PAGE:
Peace Accord Promises
The peace accord in Doha is just the beginning. Who knows, once the U.S. presidential
elections are over, will American interest in Afghanistan be still as abiding?
Afghanistan has a troubled history of foreign invasions and internal infighting. The landlocked and socially diverse country has remained the battlefield of the world’s super powers and, as a result has earned the reputation of the “graveyard of empires”. After the 9/11, the incident that changed the entire global political landscape, US-led allies invaded Afghanistan to wipe out the global terror outfit, the Al-Qaeda, that was sheltered by the Taliban government and it was alleged by te U.S. that the 9/11 attacks had been perpetrated from this region. The war continued endlessly in which thousands of Afghans died during the course of nineteen long years. Though the challenges are not yet over, the Qatar agreement has provided some hope to Afghanistan and its neighbours that peace is on the horizon.
Now the negotiations have entered into the most complex phase – an intra-Afghan dialogue process. If this succeeds, it can pave the way for lasting peace. If this does not happen, more disproportionate violence will ensue. The whole affair must be dealt with the utmost caution by both the stakeholders and the facilitators.
The attacks of 9/11, the deadliest attacks on the US mainland after Pearl Harbour in 1941, killed more than 3,000 persons. The United States demanded of the then Taliban government to hand over to them the Al-Qaeda leaders but the Taliban refused. In response, the United States-led allies launched “Operation Enduring Freedom”, popularly known as the “war on terror” with the aim to wipe out the global terror outfit which they claimed was responsible for 9/11. They wanted to introduce western democratic values in conservative Afghanistan. The longest war in history resulted in 4,030 deaths of Western coalition forces and cost $975 billion. In addition, there were 58,000 deaths of Afghan security forces and thousands of civilian casualties.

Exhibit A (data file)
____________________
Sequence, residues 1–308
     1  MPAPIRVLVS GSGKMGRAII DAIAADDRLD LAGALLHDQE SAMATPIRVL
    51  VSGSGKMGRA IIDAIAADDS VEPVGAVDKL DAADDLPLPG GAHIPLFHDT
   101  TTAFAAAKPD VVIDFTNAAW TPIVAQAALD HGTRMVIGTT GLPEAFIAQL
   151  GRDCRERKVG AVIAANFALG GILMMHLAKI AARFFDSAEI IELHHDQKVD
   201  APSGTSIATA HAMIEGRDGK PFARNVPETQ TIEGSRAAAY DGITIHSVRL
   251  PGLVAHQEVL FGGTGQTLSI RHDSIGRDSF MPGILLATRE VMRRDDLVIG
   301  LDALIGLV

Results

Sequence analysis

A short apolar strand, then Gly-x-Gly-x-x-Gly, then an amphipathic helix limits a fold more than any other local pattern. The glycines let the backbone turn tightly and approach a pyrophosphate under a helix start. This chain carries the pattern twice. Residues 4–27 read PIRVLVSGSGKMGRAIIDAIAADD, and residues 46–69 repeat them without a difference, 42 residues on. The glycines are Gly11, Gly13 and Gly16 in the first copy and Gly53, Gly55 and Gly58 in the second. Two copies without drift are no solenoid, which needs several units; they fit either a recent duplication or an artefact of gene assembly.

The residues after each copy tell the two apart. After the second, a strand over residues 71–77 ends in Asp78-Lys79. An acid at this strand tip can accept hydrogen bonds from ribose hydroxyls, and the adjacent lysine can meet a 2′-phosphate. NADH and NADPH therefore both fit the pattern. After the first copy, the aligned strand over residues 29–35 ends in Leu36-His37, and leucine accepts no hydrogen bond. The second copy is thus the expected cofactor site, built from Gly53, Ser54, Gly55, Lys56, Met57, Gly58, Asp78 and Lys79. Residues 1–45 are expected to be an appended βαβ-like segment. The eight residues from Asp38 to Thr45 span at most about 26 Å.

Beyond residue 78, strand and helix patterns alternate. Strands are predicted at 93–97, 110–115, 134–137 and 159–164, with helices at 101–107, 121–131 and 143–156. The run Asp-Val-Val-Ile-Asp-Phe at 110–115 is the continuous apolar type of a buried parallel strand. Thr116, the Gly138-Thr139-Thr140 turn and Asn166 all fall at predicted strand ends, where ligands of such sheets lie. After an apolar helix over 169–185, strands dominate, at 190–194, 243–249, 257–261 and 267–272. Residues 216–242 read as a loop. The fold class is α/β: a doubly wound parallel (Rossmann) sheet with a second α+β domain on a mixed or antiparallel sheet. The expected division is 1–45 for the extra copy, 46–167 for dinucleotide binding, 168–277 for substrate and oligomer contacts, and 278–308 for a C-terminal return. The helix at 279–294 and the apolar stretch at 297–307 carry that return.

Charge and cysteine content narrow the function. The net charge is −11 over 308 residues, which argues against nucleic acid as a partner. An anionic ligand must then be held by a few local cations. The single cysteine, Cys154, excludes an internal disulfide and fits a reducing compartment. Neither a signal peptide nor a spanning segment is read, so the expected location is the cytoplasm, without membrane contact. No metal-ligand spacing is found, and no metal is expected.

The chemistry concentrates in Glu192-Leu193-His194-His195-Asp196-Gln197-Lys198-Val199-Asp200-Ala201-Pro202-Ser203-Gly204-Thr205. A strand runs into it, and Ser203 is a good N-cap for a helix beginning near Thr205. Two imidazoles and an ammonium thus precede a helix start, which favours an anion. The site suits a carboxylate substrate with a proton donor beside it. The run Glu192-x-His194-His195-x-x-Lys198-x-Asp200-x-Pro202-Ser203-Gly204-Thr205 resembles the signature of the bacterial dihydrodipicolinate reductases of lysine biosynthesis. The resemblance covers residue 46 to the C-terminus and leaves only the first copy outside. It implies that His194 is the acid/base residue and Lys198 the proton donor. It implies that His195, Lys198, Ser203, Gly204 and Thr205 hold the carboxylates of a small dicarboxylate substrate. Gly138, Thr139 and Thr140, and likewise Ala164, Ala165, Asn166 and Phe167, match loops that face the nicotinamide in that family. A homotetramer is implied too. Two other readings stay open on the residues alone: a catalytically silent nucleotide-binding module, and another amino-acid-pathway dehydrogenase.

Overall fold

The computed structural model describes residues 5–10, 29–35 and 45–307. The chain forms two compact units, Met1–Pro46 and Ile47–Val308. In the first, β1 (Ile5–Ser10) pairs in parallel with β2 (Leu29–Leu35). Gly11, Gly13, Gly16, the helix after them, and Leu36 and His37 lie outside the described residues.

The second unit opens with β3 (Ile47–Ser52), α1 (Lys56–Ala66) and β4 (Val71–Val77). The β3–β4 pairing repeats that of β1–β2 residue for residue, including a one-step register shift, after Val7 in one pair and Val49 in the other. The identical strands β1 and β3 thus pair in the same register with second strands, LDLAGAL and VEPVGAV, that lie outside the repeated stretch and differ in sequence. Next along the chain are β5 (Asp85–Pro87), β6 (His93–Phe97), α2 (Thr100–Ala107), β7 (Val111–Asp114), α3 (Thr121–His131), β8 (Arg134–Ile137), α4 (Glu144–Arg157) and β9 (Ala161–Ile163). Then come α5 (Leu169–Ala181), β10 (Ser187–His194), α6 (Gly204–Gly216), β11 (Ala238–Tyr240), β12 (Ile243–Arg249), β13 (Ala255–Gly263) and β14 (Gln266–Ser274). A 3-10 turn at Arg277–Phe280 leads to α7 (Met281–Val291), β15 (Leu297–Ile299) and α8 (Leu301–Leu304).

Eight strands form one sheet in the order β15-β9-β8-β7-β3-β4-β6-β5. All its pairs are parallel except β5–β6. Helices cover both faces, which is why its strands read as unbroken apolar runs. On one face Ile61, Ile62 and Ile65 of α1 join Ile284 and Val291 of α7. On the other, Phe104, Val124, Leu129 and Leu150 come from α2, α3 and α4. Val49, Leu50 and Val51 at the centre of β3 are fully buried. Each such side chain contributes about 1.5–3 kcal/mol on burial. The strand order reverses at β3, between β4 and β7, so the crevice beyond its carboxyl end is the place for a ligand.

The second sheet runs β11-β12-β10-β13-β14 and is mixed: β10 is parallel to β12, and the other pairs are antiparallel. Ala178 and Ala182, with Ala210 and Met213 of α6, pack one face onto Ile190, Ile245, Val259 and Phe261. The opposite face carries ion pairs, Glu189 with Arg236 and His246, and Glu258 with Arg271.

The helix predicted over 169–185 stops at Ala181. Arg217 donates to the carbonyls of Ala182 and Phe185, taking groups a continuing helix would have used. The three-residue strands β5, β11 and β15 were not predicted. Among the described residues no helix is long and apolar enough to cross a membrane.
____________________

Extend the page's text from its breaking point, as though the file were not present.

Unlike previous half-baked negotiation efforts, President Trump was determined this time to obtain a positive result. He assigned the task to diplomat Zalmay Khalilzad. On February 29, Mullah Abdul Ghani Baradar and Zalmay Khalilzad signed an agreement paving the way for lasting peace in Afghanistan. The agreement contained: (1) guarantee that the Afghan soil will not be allowed to be used against the US or its allies. (2) a timeline for withdrawal of foreign troops from Afghan soil. (3) an intra-Afghan dialogue and political settlement between the Taliban and the Kabul government. (4) permanent ceasefire. The landmark agreement provided a sigh of relief to the Afghans and their neighbours and they hoped that an era of peace and prosperity was around the corner.